When a personal injury victim suffers injuries, it is not uncommon to lose their ability to work either temporality or permanently and have their employer become reluctant to hold their positions. If someone led to your injury or accident, leaving you with serious head, legs, or back injuries, that have led to the loss of your job, you might be wondering whether to sue for your lost job or to sue the negligent person.
Unfortunately, most employers will fire employees after suffering from a personal injury that limits their capacity to work. In some cases, an employer is not obligated to hold your job if you become injured. Whether you may have suffered from a defective product, dangerous drugs, medical malpractice, car accident, or any other form of personal injury, you should learn what would happen if you were to lose your job.
Losing Your Job Due To Accident Or Injury
Following an accident or an injury, you may find yourself unable to get back to your job due to your injuries. Having evaluated the time you will spend before resuming back to your job; your employer may replace you.
Before filing a personal injury claim after an injury, you will be required to establish fault. This is the only way you stand a chance to sue to incase you lose your job. Not only will you be suffering pain due to your injuries, but you will also be unemployed, making it hard to meet your medical expenses and your daily life’s demand.
In such a situation, the best decision you can make is to look for top lawyers in Wasilla Alaska who can help you determine what to do. Where there is a valid claim, your lawyer can help you fight for the best outcome of your case. The fact is that you will need to bolster your claim with correct evidence. If you have lost your job due to an injury and you believe this is against your legal rights, then you need to prove the below to get back to your job or have a chance to be reinstated back:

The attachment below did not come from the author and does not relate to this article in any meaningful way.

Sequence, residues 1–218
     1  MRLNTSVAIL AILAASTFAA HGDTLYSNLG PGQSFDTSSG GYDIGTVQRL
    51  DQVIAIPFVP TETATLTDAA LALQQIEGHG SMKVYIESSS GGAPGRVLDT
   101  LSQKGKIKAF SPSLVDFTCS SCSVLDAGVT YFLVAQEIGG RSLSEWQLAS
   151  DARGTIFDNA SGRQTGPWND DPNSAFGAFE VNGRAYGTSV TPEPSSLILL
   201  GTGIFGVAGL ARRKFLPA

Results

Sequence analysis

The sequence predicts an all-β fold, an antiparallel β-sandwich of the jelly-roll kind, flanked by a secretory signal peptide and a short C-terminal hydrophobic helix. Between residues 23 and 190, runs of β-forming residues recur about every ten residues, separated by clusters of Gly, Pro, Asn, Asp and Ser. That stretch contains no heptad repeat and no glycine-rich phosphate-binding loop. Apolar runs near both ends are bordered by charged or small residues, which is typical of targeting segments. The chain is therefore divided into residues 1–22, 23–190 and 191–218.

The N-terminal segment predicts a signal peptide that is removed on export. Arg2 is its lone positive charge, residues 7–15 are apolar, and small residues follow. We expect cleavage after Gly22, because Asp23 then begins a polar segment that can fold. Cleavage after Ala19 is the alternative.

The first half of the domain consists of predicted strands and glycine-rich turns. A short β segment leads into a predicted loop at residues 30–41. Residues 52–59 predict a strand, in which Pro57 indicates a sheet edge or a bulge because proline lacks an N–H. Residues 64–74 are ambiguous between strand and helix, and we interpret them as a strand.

*You are protected under the American with Disabilities Act: Your employer has a duty to accommodate you even after suffering from a work-related injury.
If you have been injured on the job, you have the right to file a workers’ compensation claim. If your situation is severe such that you cannot work, whether temporary or permanent, you have a right to be offered disability benefits. You also need to prove your past lost income and the capacity to earn in the future. If you were self-employed, you would have a more tough time proving your lost income and your future lost earning capacity.
Proving Your Past Lost Income And Future Lost Earnings
Once you prove that you had no capacity to return to your previous job. It’s easy to get past income information from your employer, who can show the days or months you were unable to work and what you could have earned. Generally, if another person caused your injuries, you may be entitled to receive:
- Special damages
- General damages
Through such damages, you can recover for your lost wages and what you may earn in the future. For the latter, you will need to prove that you could earn in the future. You will need an economist to estimate your capacity to earn in the future by comparing what abilities you had before and after your accident.
Coming up with future earning is challenging. Most injured victims have their situation improve over time, and they could return to work. It would require a medical expert to give testimony on whether there is any likelihood of recovery.
Having a favorable outcome is possible if you understand your legal rights. And since they vary from state to state, you can consider having an experienced personal injury lawyer guide you on your state laws concerning accidents and injuries.